Bhuna is a Punjabi word; it means to reduce down, to caramelise and to cook on high heat. The result is a dish that has a great depth of flavour, and wonderfully tender lamb, too.
- 30 ml vegetable oil
- 3 black cardamom pods, crushed
- 1 stick cinnamon, broken in half
- 2.5 cm (1 in) piece ginger, peeled and finely grated
- 6 cloves garlic, finely grated
- 1 kg lamb fillet, neck, shoulder or leg, cut into 2cm pieces
- 3 tsp garam masala
- 1 tsp ground coriander
- 2 tsp mild chilli powder
- 2 tsp salt
- 400 g tin of tomatoes
- 2 medium onions, finely diced
Oven temperatures are for conventional; if using fan-forced (convection), reduce the temperature by 20˚C. | We use Australian tablespoons and cups: 1 teaspoon equals 5 ml; 1 tablespoon equals 20 ml; 1 cup equals 250 ml. | All herbs are fresh (unless specified) and cups are lightly packed. | All vegetables are medium size and peeled, unless specified. | All eggs are 55-60 g, unless specified.
1. Heat the vegetable oil in a large heavy based saucepan. Crush 3 cardamom pods in a pestle and mortar and add to the oil along with the cinnamon stick. Heat for 30 seconds.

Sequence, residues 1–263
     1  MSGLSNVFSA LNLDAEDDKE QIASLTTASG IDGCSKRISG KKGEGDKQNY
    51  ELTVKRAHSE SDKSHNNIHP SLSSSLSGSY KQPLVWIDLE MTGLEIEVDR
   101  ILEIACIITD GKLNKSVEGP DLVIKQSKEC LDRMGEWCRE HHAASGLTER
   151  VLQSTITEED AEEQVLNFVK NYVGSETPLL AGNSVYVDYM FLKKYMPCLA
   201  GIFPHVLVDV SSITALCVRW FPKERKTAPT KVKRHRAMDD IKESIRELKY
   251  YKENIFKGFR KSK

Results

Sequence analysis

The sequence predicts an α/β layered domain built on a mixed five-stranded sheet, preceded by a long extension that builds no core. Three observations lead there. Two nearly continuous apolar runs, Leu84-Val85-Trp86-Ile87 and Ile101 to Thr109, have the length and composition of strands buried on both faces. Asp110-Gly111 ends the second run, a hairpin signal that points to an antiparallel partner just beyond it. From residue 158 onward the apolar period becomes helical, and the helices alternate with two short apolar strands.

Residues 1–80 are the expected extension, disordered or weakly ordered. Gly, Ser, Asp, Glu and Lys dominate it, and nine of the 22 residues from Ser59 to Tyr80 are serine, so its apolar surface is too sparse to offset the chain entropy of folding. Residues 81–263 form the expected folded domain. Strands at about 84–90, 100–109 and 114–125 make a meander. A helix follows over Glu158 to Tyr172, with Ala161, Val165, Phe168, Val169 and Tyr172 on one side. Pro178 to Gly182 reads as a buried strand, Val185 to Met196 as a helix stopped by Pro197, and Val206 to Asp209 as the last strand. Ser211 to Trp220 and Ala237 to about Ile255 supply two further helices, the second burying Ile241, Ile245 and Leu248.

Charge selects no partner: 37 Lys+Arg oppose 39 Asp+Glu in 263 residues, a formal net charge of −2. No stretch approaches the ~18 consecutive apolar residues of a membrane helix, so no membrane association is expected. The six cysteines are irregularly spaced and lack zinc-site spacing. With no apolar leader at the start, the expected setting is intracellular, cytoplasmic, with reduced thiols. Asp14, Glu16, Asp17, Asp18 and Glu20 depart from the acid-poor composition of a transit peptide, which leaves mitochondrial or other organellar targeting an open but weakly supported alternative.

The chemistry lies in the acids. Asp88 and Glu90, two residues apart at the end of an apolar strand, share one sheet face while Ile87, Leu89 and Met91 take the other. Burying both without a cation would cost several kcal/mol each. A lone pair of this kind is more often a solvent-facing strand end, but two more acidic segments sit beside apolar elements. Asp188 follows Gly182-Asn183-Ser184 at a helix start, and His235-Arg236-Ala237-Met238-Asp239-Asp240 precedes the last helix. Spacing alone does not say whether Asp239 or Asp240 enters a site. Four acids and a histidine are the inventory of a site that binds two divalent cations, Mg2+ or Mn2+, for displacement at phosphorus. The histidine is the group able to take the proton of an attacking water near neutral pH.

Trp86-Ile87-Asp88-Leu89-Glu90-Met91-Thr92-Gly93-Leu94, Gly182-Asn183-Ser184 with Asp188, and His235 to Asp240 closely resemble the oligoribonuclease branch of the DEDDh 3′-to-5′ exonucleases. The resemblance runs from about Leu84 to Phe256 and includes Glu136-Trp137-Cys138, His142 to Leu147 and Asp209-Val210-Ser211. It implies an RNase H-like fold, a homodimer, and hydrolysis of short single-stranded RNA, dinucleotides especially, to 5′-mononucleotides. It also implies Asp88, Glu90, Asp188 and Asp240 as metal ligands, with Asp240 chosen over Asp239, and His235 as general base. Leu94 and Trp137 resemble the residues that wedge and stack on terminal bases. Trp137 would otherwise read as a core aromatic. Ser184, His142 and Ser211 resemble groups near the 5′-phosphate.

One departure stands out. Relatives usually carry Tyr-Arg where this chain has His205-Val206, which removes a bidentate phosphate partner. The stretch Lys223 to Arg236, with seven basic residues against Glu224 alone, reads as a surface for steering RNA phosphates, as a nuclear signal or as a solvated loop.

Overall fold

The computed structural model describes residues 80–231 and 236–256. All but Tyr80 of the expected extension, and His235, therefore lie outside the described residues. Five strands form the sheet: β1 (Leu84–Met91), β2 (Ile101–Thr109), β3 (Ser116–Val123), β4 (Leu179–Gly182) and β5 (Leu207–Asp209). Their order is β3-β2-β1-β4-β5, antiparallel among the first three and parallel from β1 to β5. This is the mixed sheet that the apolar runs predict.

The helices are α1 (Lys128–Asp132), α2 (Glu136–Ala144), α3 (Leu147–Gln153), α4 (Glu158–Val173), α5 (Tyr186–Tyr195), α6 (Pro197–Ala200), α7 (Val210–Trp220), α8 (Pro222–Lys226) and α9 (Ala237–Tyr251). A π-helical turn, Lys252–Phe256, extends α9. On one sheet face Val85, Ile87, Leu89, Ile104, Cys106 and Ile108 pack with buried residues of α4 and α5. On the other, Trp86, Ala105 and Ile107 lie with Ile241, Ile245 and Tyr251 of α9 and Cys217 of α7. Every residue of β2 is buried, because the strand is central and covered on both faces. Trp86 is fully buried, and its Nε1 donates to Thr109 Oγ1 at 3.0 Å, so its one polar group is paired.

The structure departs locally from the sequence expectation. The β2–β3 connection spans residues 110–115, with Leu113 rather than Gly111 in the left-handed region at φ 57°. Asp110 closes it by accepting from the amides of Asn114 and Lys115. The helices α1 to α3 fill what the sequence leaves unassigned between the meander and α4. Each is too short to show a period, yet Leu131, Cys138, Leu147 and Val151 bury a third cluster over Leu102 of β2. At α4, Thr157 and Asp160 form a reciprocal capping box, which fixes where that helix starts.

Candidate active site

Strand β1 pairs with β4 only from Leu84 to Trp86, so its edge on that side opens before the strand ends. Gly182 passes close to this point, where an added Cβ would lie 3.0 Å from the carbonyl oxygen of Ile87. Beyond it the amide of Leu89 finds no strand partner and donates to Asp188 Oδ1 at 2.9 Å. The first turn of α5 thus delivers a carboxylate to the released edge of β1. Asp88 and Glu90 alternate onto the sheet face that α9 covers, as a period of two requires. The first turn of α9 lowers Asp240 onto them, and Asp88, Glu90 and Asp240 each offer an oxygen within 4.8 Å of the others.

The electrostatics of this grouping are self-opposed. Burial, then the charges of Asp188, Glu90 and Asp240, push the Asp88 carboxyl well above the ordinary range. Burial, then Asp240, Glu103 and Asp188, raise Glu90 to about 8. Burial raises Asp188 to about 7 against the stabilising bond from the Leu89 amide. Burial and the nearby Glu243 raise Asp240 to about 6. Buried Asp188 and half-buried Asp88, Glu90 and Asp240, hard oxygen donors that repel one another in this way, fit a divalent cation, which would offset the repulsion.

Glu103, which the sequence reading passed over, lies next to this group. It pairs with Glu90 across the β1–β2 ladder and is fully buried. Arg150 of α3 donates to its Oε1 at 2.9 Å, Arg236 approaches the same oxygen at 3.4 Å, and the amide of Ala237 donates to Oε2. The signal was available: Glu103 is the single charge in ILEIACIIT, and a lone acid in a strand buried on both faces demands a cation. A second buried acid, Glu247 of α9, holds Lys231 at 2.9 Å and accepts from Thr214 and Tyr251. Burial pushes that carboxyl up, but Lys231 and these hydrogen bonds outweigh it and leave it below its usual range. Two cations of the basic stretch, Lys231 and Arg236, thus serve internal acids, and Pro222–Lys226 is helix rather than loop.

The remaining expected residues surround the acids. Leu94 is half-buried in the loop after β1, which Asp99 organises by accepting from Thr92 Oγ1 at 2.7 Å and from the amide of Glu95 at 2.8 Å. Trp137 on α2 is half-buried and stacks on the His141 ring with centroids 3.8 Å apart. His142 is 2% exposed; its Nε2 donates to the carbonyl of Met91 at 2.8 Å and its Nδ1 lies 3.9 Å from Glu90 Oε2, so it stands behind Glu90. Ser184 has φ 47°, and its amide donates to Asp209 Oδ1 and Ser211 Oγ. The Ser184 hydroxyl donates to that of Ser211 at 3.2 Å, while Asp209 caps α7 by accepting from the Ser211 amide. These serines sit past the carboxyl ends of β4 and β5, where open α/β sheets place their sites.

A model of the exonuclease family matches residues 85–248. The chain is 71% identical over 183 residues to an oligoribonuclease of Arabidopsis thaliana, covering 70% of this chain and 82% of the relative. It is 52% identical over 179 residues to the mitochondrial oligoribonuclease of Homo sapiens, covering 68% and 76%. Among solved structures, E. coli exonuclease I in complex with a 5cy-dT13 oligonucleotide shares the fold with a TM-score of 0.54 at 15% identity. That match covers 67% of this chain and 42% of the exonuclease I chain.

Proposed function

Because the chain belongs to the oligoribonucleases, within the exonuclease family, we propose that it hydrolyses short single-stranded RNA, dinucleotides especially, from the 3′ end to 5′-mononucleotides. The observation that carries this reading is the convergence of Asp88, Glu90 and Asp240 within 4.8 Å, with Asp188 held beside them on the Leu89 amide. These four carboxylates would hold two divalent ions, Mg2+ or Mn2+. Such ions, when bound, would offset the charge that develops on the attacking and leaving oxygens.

2. Next add the ginger and the garlic - stir and then add in the meat, stir to coat and cook for 2 minutes.
3. Now add the garam masala, coriander, chili powder and salt, Stir and cook for 30 seconds, or until you can smell the aroma of them roasting. Stir in the tomatoes and onions.
4. Reduce heat to low, cover and cook for 40 minutes, keeping everything nice and tender.
5. The meat and the sauce will now have a shiny appearance as the oil separates. Increase the heat and stir continuously for 10 minutes. If the sauce begins to stick add a splash of water. The reduction of the liquid will allow you to fry the spices and meat as you stir. This process is the 'bhun' and is what adds the depth of flavour.
6. Add 200 ml of boiling water and stir. Simmer for a further 10 minutes or until tender.